I've taken my Jeep to some places in Colorado that no Subaru is getting too. That said, I have also seen a few Subaru's in places I was very surprised to see that they made it.

While I wasn't here to see how fast they plowed the roads, I can tell you that there is work to be done on the pedestrian level.

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Postby Brad » Tue Dec 15, 2009 3:39 pm

the1wags wrote:I can tell you that there is work to be done on the pedestrian level.


By the City or Land owners?

The City is only responisable for sidewalks on city owned property.
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Postby the1wags » Tue Dec 15, 2009 3:43 pm

Both. A few spots along my commute are notorious offenders, and the city is failing to enforce the ordinance.

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Postby Brad » Tue Dec 15, 2009 3:55 pm

the1wags wrote:Both. A few spots along my commute are notorious offenders, and the city is failing to enforce the ordinance.


Report issues button on the right side:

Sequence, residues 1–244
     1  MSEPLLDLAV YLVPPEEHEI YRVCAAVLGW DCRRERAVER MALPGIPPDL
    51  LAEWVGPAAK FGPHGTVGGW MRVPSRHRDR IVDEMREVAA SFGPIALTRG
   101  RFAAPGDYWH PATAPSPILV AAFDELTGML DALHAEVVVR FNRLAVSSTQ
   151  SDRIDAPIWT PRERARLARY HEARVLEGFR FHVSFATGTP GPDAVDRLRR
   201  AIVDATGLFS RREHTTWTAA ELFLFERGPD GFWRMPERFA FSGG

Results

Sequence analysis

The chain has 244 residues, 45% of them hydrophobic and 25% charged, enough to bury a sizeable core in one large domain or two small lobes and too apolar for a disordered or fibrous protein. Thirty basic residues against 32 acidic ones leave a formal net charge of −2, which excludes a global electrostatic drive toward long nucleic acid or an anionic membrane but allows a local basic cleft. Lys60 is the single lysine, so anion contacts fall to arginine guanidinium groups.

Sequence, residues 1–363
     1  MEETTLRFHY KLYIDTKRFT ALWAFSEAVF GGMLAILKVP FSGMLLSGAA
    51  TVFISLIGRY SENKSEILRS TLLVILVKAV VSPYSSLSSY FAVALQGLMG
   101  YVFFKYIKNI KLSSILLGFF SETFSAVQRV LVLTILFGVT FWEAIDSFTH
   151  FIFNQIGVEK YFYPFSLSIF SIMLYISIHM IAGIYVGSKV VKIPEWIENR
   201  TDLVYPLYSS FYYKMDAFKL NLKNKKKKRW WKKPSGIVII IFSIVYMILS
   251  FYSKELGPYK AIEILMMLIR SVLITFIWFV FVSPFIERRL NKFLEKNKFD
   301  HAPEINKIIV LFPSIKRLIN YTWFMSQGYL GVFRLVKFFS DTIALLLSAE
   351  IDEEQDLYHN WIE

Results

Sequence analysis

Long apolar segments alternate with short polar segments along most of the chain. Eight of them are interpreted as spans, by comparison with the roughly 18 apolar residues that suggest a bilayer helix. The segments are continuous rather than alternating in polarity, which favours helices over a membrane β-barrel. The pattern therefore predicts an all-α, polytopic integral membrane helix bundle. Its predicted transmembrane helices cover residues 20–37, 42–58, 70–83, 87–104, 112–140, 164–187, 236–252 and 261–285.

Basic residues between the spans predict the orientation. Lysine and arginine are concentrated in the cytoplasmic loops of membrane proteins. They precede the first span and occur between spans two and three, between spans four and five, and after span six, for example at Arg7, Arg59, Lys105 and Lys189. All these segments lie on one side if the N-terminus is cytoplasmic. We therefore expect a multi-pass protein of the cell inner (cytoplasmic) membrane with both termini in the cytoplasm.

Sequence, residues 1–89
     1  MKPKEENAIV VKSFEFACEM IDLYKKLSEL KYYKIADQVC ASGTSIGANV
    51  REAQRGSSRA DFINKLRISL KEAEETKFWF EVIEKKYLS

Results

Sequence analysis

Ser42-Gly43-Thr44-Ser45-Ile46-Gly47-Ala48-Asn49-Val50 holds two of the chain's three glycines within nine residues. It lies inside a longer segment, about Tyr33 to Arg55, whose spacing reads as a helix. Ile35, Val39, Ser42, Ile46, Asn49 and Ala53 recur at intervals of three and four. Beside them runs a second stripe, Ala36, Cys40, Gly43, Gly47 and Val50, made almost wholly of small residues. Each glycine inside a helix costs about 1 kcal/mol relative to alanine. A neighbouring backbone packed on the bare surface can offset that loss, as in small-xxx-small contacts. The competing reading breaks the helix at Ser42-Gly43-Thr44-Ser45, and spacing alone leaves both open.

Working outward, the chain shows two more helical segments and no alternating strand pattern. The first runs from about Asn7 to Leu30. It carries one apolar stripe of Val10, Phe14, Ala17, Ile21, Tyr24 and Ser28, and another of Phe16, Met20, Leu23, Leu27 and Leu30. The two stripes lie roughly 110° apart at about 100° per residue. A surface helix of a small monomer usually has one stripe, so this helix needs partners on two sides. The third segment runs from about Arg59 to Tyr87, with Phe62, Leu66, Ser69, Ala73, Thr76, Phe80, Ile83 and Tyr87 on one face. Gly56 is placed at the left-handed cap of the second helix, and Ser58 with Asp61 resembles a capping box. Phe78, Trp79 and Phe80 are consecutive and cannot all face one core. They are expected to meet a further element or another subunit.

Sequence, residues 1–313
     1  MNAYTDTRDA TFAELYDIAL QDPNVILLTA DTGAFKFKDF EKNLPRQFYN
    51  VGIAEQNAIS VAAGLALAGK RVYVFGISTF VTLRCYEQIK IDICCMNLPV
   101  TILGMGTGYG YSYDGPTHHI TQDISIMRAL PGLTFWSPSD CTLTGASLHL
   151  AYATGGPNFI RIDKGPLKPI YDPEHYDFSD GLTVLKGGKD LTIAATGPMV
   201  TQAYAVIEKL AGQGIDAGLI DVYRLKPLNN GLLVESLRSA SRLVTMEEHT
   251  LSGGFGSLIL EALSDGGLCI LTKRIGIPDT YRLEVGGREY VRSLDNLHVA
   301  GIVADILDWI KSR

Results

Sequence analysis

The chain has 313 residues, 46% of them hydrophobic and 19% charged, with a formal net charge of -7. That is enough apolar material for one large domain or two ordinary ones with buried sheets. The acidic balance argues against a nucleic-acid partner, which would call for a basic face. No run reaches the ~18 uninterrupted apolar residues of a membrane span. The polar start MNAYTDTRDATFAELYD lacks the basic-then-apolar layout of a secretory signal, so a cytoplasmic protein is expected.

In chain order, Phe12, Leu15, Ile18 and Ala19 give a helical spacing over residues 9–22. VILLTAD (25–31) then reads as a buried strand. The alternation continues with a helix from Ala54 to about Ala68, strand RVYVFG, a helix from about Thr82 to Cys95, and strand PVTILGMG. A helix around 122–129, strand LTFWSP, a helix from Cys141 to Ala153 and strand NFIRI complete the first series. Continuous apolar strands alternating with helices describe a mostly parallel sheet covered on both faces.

http://www.cityofomaha.org/pw/streets-a ... ow-removal
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Postby StreetsOfOmaha » Tue Dec 15, 2009 3:56 pm

Yeah, I realize it's the law, so, not debating that...

I can't believe that pedestrian safety (i.e. having cleared sidewalks and paths) is left in the hands of private land owners. What the he11?

That's like having an ordinance that says if your house is on fire, YOU are responsible for preventing other adjacent properties from catching fire. Absurd.

Of course, the 1000 pound gorilla in all of this is SPRAWL, CAR CULTURE, and SOCIETAL VIEWS ABOUT PEDESTRIAN SAFETY. With the sprawling, inefficient way we build cities, clearing all sidewalks would be out of the question... that is with the lack of emphasis on pedestrians. Hmmm. Somehow all the streets get cleared.

If we demanded communities and developments that are more dense, more walkable, and mixed use, with an emphasis on non-motorized transportation, this problem would probably not exist in the first place.